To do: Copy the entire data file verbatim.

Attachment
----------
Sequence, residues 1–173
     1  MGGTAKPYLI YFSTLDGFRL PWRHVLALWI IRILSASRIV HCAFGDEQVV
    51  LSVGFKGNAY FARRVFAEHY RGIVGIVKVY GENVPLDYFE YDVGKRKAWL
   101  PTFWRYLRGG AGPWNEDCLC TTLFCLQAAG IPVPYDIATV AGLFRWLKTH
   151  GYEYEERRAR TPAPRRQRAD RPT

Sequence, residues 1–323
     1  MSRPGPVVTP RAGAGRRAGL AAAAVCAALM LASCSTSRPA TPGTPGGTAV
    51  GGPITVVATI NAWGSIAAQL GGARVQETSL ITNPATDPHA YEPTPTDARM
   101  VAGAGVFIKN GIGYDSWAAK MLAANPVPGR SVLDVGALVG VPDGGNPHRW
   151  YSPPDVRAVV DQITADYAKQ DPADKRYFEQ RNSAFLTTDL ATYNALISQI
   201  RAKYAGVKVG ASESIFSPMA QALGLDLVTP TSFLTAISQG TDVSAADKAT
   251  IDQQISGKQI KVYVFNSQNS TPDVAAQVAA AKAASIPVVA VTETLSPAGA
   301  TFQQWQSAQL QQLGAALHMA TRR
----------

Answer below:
Sequence, residues 1–173
     1  MGGTAKPYLI YFSTLDGFRL PWRHVLALWI IRILSASRIV HCAFGDEQVV
    51  LSVGFKGNAY FARRVFAEHY RGIVGIVKVY GENVPLDYFE YDVGKRKAWL
   101  PTFWRYLRGG AGPWNEDCLC TTLFCLQAAG IPVPYDIATV AGLFRWLKTH
   151  GYEYEERRAR TPAPRRQRAD RPT

Sequence, residues 1–323
     1  MSRPGPVVTP RAGAGRRAGL AAAAVCAALM LASCSTSRPA TPGTPGGTAV
    51  GGPITVVATI NAWGSIAAQL GGARVQETSL ITNPATDPHA YEPTPTDARM
   101  VAGAGVFIKN GIGYDSWAAK MLAANPVPGR SVLDVGALVG VPDGGNPHRW
   151  YSPPDVRAVV DQITADYAKQ DPADKRYFEQ RNSAFLTTDL ATYNALISQI
   201  RAKYAGVKVG ASESIFSPMA QALGLDLVTP TSFLTAISQG TDVSAADKAT
   251  IDQQISGKQI KVYVFNSQNS TPDVAAQVAA AKAASIPVVA VTETLSPAGA
   301  TFQQWQSAQL QQLGAALHMA TRR